How hard is managing finances? How is each person’s path to financial independence different? Are the difficulties of pursuing personal finance the same for everyone? Exploring the interplay of motivation, mindset, goals, plans, and habits in financial success.
We All Have a Different Situation or Circumstance
These are interesting questions. On the one hand, the answers appear obvious. Each person’s situation is unique. It’s obvious that the son of Warren Buffet will have an easier financial path than a homeless child. Situationally the difficulties of pursuing personal finance differ for each person. Given how obvious this aspect is, we will leave situations as out of scope for this discussion.
Situational Equivalency Does Not Equal Same Successful Financial Outcome
Imagine instead you take two people with the hypothetical exact same situation and goals. Will they have the same financial path? Will they both have to work to the same degree and manner to get their end goal? At the end of the day will their financial management difficulty levels match?
Motivation and Managing Finances
Well again the answer is no, but the reasons might be less obvious. First, there is the aspect of motivation. I personally am a huge proponent that mindset is a cornerstone of success. If you can’t see yourself succeeding, you won’t. Full stop, no matter who you are. Mindset makes you the best you can be. But it does not necessarily change your position relative to others.
So if a person doesn’t believe they can succeed at financial management odds are they won’t. I have actually seen this in media and tv sitcoms in the past. The stereotypical couple runs into financial problems and tries to utilize a budget. Hilarity ensues and by the end of it, they just agree to ignore the problem seeing no path to success. The personal equivalent to an ostrich sticking their head in the sand. They essentially choose to stay mired in financial insecurity. Sadly the TV troupe is not far from many real-life families.
Goals and Managing Finances
As we move further into the motivational camp we reach the relative nature of a person’s financial goals. Each and every one of us has many goals in their life. Where does good financial management fall in the prioritized list? Perhaps driving that luxury car or having a bigger house is a bigger goal for the person than financial independence. While I believe that is a short-sighted perspective, ultimately it doesn’t matter what I think. It matters what goals drive a persons motivation. If financial management falls way down the list of goals then odds are not good the person will ever get a grasp on their finances.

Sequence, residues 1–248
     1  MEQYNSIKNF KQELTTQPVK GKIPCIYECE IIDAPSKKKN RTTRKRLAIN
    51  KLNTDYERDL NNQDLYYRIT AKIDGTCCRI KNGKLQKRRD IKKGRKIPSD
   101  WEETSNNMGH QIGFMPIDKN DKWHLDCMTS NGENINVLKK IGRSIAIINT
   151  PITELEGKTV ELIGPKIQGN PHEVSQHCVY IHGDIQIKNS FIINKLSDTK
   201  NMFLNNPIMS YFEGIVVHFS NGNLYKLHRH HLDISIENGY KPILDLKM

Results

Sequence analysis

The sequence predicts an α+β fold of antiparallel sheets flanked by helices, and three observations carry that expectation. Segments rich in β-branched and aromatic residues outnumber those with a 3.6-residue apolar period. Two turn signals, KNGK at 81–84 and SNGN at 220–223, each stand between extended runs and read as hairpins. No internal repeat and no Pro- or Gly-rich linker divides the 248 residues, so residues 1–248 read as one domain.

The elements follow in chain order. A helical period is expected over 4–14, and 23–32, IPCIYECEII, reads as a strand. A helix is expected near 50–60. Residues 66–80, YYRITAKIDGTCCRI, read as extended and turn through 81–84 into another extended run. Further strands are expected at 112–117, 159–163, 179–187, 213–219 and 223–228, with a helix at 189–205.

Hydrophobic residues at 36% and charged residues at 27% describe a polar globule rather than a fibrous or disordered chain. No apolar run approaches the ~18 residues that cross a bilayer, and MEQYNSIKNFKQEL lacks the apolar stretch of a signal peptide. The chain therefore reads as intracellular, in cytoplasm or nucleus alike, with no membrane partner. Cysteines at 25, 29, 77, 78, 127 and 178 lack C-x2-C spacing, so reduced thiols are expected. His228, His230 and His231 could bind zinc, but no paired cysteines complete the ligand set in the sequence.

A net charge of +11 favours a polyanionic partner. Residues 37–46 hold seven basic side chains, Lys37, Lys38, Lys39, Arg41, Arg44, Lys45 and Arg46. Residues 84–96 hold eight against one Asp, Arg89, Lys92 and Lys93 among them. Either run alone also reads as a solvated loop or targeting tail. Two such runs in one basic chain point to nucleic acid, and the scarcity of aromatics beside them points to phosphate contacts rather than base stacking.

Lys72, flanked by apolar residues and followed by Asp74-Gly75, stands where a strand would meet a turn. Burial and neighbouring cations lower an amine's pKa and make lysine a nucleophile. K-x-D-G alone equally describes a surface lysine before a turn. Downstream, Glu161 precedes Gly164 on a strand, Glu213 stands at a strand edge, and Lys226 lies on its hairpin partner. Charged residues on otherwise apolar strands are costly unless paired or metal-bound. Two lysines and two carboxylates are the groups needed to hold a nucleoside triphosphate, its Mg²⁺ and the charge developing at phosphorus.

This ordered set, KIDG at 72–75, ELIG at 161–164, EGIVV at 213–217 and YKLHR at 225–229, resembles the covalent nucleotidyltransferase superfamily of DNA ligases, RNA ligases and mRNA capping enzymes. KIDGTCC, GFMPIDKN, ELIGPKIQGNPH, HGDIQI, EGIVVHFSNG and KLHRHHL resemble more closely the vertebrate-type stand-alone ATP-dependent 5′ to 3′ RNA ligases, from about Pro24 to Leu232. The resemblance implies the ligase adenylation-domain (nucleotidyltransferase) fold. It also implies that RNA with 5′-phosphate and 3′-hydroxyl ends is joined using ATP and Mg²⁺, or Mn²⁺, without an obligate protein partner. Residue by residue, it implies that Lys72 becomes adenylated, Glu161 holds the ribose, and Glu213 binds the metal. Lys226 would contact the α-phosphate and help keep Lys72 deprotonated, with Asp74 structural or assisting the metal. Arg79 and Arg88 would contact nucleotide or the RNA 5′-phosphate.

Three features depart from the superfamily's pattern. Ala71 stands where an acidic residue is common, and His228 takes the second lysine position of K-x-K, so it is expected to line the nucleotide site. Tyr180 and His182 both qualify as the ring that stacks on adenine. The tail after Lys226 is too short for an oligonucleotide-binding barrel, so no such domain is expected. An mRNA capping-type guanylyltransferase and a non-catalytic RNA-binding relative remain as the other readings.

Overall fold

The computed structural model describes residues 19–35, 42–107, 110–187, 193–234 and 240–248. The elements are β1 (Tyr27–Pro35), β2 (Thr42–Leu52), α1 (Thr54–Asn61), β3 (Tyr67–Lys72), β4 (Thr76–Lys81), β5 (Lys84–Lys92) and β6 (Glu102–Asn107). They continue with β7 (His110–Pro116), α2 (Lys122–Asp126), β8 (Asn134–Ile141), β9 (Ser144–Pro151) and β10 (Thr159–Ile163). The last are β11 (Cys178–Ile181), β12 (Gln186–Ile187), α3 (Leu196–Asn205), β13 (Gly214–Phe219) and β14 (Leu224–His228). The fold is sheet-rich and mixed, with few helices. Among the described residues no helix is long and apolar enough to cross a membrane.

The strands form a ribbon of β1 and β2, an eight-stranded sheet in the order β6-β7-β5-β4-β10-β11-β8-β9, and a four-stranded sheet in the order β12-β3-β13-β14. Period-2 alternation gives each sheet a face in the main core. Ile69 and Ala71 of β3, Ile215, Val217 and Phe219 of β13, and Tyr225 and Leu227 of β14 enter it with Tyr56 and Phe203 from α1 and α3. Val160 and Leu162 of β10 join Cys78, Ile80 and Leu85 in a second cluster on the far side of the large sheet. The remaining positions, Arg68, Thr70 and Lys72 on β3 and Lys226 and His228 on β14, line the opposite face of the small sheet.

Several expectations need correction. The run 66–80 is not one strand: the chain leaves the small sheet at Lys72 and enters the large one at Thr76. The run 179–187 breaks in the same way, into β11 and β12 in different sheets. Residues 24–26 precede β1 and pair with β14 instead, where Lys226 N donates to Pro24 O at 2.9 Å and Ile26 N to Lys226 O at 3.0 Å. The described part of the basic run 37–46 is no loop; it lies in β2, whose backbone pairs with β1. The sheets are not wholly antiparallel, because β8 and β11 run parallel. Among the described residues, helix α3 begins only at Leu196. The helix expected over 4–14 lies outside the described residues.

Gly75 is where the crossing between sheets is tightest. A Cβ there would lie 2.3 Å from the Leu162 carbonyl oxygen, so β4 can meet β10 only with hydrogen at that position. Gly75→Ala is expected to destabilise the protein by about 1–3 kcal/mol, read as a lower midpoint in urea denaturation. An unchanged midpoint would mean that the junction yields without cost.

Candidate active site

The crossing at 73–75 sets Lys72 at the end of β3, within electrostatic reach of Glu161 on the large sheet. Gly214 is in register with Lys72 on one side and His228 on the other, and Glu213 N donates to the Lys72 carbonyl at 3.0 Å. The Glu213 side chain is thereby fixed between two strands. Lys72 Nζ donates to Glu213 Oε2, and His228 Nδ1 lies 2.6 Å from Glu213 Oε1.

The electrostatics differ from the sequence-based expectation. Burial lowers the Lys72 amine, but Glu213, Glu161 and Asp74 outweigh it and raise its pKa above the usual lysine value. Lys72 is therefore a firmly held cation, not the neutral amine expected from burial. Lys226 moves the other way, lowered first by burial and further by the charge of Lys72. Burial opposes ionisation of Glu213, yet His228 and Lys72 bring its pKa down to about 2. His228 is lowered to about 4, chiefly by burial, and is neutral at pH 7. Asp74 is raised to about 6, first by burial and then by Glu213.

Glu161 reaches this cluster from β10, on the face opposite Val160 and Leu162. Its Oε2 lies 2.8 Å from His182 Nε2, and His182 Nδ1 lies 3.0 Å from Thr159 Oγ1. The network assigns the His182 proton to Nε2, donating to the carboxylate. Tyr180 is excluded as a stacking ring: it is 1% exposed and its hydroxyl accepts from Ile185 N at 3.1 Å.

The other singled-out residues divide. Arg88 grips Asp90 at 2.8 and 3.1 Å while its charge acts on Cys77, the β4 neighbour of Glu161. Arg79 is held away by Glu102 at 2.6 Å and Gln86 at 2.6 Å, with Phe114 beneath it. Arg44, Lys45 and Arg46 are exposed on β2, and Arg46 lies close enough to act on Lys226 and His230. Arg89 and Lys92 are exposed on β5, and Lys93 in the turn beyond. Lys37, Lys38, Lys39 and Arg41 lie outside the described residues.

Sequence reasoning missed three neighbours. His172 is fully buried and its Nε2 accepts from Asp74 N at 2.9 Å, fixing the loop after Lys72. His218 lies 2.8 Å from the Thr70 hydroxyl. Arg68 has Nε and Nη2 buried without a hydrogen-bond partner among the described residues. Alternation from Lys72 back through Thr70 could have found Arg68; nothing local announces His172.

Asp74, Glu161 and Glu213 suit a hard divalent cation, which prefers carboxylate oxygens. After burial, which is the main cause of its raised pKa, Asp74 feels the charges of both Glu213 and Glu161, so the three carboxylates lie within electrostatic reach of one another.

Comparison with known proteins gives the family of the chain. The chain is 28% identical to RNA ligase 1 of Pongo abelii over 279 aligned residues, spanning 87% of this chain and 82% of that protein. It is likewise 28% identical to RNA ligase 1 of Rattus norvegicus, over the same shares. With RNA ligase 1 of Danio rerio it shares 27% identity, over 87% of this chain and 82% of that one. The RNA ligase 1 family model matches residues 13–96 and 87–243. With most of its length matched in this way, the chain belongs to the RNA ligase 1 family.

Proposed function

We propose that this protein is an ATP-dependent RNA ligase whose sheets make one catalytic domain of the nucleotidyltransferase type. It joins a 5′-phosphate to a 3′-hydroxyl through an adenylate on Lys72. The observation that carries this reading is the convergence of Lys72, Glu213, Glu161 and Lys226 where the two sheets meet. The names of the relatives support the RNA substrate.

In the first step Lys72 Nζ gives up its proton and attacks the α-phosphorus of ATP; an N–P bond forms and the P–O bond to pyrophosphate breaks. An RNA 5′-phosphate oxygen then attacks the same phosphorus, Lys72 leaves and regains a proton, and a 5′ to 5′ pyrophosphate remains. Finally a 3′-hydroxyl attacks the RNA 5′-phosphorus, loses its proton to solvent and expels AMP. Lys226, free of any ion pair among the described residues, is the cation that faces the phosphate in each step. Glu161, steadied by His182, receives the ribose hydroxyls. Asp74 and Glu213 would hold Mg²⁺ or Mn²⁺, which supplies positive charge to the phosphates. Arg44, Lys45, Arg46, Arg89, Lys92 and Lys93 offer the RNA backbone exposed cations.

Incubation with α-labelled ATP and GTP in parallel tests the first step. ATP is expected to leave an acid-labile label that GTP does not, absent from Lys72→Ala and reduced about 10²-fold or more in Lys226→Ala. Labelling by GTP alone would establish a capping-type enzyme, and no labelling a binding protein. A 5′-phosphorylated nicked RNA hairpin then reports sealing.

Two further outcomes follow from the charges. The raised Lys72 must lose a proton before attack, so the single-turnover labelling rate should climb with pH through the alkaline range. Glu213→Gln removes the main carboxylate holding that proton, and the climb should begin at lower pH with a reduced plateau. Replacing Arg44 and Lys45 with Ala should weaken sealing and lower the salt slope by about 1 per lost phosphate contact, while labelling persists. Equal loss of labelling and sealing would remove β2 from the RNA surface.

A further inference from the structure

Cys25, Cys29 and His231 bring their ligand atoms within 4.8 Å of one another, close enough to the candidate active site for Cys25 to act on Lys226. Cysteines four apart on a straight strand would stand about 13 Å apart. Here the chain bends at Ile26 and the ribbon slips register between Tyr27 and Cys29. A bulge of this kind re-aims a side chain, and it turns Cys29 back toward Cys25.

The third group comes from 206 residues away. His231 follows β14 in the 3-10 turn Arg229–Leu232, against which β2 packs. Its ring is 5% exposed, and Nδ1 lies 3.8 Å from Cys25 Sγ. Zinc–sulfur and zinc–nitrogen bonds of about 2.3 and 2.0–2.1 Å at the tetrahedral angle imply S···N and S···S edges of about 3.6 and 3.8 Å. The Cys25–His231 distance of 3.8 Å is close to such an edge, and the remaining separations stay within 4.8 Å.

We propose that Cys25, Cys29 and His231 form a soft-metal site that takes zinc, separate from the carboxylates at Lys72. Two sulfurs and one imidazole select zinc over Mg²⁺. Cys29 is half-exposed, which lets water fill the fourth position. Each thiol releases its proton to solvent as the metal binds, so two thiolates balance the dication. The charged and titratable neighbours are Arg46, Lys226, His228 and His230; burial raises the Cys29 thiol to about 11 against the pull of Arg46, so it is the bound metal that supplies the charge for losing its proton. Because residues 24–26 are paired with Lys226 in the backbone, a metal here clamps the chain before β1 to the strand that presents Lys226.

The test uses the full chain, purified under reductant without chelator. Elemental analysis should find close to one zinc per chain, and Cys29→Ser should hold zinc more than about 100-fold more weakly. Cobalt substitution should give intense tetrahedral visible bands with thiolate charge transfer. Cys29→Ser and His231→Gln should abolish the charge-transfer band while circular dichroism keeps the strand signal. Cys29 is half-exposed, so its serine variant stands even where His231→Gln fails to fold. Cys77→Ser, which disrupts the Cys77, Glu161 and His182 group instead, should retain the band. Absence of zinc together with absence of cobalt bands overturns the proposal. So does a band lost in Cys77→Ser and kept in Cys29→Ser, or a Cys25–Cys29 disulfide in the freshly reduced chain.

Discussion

But difficulty levels of financial management are not just decided by motivation. Motivation may be the cornerstone, but plans and habits are the bedrock. I have said before, “if you don’t have a plan, a direction at least, then you will be doomed to wander aimlessly. A plan doesn’t have to be a budget. It doesn’t even have to say when you plan to retire. But it at least has to outline a vague idea of your goal and how you will get there.
How Do You Define Financial Success?
If you truly want to achieve financial success you first need to sit down and decide what that looks like. Each person’s version of financial success is unique. These types of discussions often lead me to think about the most likely to succeed vote in our high school yearbook. When I think about that category today I am left scratching my head. How could I determine who was most likely to succeed in my class when I can’t define success for an entire group of people in the first place?
Without knowing what success looks like to you, you can’t hope to achieve it. Once you have that definition you need to figure out the steps you will take to get there, how you will track your path to that success, and finally how you will keep yourself motivated along that path. The first step is the hardest, so the details of the plan might be less important than the general framework. But still, you need to at least know how you will take those first few steps to get started.
So provided you have all the pieces above to reach financial management success in place. Does that mean your path will be just as easy as the next guy when situationally equal? Well no, and this brings us to my real target with this post actually. The hardest aspect of changing your financial management path.
Habits Are the Largest Impediment to Prosperity
Every one of us is the product of our life experiences and our genetics. By the time you reach the adult stage of life, you have been heavily shaped and molded. With each passing year that mold becomes harder to change. Basically you shape habits that become hard to overcome.